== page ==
noun \ˈtəŋ\

: the soft, movable part in the mouth that is used for tasting and eating food and in human beings for speaking

: the tongue of an animal (such as an ox or sheep) that is eaten as food

: a particular way or quality of speaking

Full Definition of TONGUE

a :  a fleshy movable muscular process of the floor of the mouths of most vertebrates that bears sensory end organs and small glands and functions especially in taking and swallowing food and in humans as a speech organ
b :  a part of various invertebrate animals that is analogous to the tongue
:  the flesh of a tongue (as of the ox or sheep) used as food
:  the power of communication through speech
a :  language; especially :  a spoken language
b :  manner or quality of utterance with respect to tone or sound, the sense of what is expressed, or the intention of the speaker <she has a clever tongue> <a sharp tongue>
c :  ecstatic usually unintelligible utterance usually accompanying religious excitation —usually used in plural
d :  the cry of or as if of a hound pursuing or in sight of game —used especially in the phrase to give tongue
:  a tapering flame <tongues of fire>
:  a long narrow strip of land projecting into a body of water
:  something resembling an animal's tongue in being elongated and fastened at one end only: as
a :  a movable pin in a buckle
b :  a metal ball suspended inside a bell so as to strike against the sides as the bell is swung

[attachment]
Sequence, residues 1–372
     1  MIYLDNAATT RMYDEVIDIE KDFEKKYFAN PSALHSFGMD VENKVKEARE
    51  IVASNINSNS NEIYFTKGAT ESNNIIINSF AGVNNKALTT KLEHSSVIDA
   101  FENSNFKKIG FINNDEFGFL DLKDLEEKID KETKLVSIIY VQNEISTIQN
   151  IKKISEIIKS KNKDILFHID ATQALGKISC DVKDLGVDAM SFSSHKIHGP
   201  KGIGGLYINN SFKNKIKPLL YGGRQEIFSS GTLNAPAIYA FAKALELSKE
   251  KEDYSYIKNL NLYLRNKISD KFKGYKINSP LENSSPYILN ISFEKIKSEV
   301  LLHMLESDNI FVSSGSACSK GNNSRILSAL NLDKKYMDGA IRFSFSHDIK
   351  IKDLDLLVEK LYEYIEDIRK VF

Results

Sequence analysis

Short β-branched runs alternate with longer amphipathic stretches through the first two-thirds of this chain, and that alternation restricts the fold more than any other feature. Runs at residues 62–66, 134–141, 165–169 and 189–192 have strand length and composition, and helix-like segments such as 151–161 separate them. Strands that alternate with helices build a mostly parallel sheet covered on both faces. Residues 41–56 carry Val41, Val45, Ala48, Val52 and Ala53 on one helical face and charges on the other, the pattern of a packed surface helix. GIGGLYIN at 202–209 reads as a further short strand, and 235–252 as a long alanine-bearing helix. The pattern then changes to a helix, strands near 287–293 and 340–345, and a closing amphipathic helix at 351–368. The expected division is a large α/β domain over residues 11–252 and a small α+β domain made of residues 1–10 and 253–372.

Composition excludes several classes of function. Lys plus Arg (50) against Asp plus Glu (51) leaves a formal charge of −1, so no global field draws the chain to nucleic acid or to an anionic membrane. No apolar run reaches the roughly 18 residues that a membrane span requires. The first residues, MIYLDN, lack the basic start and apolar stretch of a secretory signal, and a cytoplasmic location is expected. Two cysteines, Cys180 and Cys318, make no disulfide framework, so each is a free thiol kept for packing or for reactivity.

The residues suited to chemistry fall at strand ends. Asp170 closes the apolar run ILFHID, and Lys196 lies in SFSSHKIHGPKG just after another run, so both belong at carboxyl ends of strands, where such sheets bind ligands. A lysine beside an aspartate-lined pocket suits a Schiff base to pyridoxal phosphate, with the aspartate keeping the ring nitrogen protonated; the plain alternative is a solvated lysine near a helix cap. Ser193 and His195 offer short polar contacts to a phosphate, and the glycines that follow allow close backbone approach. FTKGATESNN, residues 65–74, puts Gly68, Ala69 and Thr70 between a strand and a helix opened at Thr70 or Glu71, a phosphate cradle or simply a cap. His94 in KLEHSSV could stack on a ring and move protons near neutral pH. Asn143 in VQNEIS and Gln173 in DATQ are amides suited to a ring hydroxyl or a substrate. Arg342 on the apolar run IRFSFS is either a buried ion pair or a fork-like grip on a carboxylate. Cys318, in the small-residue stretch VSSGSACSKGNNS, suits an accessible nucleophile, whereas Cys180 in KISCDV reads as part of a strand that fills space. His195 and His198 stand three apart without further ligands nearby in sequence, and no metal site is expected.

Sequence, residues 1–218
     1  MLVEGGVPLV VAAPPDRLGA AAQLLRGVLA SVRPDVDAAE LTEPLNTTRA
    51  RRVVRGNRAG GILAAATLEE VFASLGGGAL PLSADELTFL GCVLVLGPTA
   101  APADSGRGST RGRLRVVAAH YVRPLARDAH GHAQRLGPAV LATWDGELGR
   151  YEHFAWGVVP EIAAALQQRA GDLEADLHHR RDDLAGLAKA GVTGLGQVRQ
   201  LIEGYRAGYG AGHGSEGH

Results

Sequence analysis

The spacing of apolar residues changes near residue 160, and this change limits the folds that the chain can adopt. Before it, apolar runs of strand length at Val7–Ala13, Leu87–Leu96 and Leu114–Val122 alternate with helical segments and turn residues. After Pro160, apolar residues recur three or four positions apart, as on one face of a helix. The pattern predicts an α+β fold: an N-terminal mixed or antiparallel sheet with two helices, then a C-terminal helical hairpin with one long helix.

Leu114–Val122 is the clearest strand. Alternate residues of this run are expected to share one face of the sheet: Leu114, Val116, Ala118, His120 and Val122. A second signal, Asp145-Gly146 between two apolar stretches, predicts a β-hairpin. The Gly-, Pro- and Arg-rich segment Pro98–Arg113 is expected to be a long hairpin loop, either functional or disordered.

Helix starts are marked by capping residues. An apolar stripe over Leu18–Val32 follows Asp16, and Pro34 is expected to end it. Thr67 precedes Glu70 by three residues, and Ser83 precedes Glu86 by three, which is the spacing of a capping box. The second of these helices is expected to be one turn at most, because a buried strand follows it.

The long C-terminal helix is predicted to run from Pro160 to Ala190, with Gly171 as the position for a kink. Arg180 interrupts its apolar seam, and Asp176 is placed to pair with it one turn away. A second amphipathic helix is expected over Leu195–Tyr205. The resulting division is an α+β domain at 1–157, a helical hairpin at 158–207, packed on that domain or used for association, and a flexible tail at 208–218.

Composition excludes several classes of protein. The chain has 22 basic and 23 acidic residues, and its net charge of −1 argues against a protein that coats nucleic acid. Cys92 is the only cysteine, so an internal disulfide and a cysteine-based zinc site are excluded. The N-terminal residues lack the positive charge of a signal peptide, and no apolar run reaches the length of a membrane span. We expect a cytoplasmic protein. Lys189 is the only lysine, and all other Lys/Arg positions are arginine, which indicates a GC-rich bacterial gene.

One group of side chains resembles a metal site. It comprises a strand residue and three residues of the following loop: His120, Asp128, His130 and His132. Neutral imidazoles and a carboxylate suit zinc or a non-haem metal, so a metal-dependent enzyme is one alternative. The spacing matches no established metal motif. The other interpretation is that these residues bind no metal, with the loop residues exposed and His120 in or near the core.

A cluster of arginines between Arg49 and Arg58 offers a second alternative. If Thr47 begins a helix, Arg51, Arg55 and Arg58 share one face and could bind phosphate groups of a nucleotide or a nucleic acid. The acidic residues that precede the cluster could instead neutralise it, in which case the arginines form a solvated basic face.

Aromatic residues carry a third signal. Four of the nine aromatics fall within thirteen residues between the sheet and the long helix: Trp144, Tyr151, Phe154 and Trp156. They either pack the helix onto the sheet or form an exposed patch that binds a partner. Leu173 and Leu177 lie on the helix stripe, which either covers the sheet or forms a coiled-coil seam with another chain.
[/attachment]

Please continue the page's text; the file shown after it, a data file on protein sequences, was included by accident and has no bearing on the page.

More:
c :  the pole of a vehicle
d :  the flap under the lacing or buckles of a shoe at the throat of the vamp
a :  the rib on one edge of a board that fits into a corresponding groove in an edge of another board to make a flush joint
b :  feather 4
tongue·like \-ˌlīk\ adjective

Examples of TONGUE

  1. The cow ran its tongue over its lips.
  2. The taste of the spice was still on her tongue.
  3. The little girl stuck her tongue out at me.
  4. He spoke in a foreign tongue.
  5. English is my native tongue.
  6. They speak the same tongue.
  7. His sharp tongue is going to get him into trouble someday.

Origin of TONGUE

Middle English tunge, from Old English; akin to Old High German zunga tongue, Latin lingua
First Known Use: before 12th century

Other Anatomy Terms

bilateral symmetry, carotid, cartilage, dorsal, entrails, prehensile, renal, solar plexus, supine, thoracic, ventral

Rhymes with TONGUE



: to produce separate notes when you are blowing air through a musical instrument (such as a trumpet) by using your tongue to briefly stop the flow of air

: to touch or lick something with your tongue

tonguedtongu·ing \ˈtəŋ-iŋ\

Full Definition of TONGUE

transitive verb
archaic :  scold
:  to touch or lick with or as if with the tongue
a :  to cut a tongue on <tongue a board>
b :  to join (as boards) by means of a tongue and groove <tongue flooring together>
:  to articulate (notes) by tonguing
intransitive verb
:  to project in a tongue
:  to articulate notes on a wind instrument by successively interrupting the stream of wind with the action of the tongue

Examples of TONGUE

  1. learning how to tongue notes on the clarinet

First Known Use of TONGUE

14th century


geographical name \ˈtəŋ\

Definition of TONGUE

river 246 miles (396 kilometers) N Wyoming & S Montana flowing N into Yellowstone River


noun \ˈtəŋ\   (Medical Dictionary)

Medical Definition of TONGUE

:  a process of the floor of the mouth that is attached basally to the hyoid bone, that consists essentially of a mass of extrinsic muscle attaching its base to other parts, intrinsic muscle by which parts of the structure move in relation to each other, and an epithelial covering rich in sensory end organs and small glands, and that functions especially in taking and swallowing food and as a speech organ

Illustration of TONGUE


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